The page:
Global Lyme Alliance (GLA), the leading private nonprofit dedicated to conquering Lyme disease through research and education, announced today that it is awarding a record total of approximately $2 million in grants to top researchers at leading academic and medical research institutions across the U.S. These recipients of GLA’s 2016-2017 grant cycle are working on a wide array of projects to develop a greater understanding of the disease, improve diagnostics, treatment and prevention. “For years our organization has led the Lyme community in identifying and backing innovative research, so we’re especially proud and excited that we’ve doubled our research funding since last year,” said Scott Santarella, GLA’s CEO. “The more funds we raise, the faster we can solve the mystery of Lyme disease and bring about change for millions who suffer from tick-borne illnesses.” “GLA prides itself for providing the vision to drive the research agenda, initiating the teaming of top researchers to collaborate on projects and evaluating research proposals received globally. We continue to provide the leadership in scientific research that others follow and build upon,” said GLA Chairman and Scientific Advisory Board member Robert Kobre. In announcing the new grants, Santarella noted that GLA had received the most grant applications in its history—$4.3 million in funding requests. “While we were pleased to receive so many quality grant applications this year, such a profusion underscores the fact that there are far more talented scientists eager to focus on Lyme disease than there is funding to support them,” Santarella said. He noted, for example, that $25 million is allocated by the National Institutes of Health annually for Lyme research, which infects more than 330,000 in the U.S. each year, compared with $42 million for the mosquito-transmitted West Nile virus, which affected about 2,000 in the U.S. last year. “Federal funding for Lyme research is miniscule, yet the Lyme threat keeps growing,” he said. “This speaks to GLA’s importance in working with private donors to fill the void and drive advancements in the field.” GLA’s 2016-2017 grants were awarded to researchers at the following institutions: Columbia University; Cornell University; Institute for Systems Biology; Johns Hopkins University; Northeastern University; State University of New York-Stony Brook; Tulane National Primate Research Center; University of California-Davis; University of California-San Francisco; University of Illinois-Chicago; University of North Dakota; University of Pennsylvania, and University of Texas-San Antonio. “As the number of Lyme and tick-borne disease cases continues to grow, there is a tremendous impetus to keep the science moving forward,” said Mayla Hsu, GLA’s Director of Research and Science. “GLA is proud to support the important research being conducted by some of the best and brightest men and women in the field today.” GLA’s research portfolio includes a broad range of projects such as persistence of infection after antibiotic treatment and the development of new diagnostics. Studies focus on microbial physiology; genetic work to determine how the bacteria that causes Lyme survives in a host; efficacy of different modes of antibiotic therapy, and why some people continue to have symptoms despite the seeming absence of bacteria. Researchers were selected following a rigorous evaluation process using guidelines established by the National Institutes of Health (NIH). Each proposal was evaluated by Grant Review Committee members of GLA’s Scientific Advisory Board and met the same scientific standards that NIH applies to its own grant review process. The resulting 2016-2017 grant awards represent projects judged to have exceptional prospects of delivering measurable advances. Lyme disease is the most common vector-borne disease in the U.S. There are no accurate diagnostic tests for the disease, no tests to prove that Lyme bacteria are eradicated or that an individual is cured. Some 20 percent of individuals with Lyme end up with long-term health problems. _______________________________________________________________________________________________________________ ABOUT GLOBAL LYME ALLIANCE Global Lyme Alliance is a leading private nonprofit dedicated to conquering Lyme and other tick-borne diseases through research and education. The 501(c)(3) nonprofit is headquartered in Greenwich, CT. For more information go to GLA.org.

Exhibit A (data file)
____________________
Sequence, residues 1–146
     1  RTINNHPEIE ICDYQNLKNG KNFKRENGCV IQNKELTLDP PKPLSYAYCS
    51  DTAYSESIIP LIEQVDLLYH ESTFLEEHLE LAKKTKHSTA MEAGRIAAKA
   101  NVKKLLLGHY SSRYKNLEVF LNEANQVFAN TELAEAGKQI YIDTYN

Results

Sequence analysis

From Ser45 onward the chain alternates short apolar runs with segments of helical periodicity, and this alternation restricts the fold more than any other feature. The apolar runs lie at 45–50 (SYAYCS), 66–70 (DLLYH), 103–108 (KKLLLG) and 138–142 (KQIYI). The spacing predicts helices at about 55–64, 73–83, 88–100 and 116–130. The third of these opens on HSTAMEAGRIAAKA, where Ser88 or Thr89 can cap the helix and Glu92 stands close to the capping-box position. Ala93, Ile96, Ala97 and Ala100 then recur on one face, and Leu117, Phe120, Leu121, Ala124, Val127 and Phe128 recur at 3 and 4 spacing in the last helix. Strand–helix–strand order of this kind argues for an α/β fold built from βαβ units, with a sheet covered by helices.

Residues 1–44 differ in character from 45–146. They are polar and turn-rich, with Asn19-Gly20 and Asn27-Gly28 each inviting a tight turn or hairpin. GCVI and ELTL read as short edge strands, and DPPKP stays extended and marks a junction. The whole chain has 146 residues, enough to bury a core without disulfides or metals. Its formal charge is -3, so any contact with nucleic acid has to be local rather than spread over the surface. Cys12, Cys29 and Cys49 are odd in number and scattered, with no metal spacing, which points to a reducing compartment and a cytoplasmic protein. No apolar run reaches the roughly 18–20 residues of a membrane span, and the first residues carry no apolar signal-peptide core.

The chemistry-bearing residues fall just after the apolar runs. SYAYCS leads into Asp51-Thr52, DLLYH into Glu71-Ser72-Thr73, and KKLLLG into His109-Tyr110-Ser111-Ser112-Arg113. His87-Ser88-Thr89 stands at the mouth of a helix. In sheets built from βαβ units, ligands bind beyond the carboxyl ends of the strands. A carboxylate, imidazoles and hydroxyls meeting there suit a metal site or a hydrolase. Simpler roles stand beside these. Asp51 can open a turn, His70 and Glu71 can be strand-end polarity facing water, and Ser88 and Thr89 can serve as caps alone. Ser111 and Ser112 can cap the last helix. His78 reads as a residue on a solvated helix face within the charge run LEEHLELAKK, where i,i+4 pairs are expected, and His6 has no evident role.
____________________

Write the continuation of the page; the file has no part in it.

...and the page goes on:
Serra-Moreno R.,Harvard University |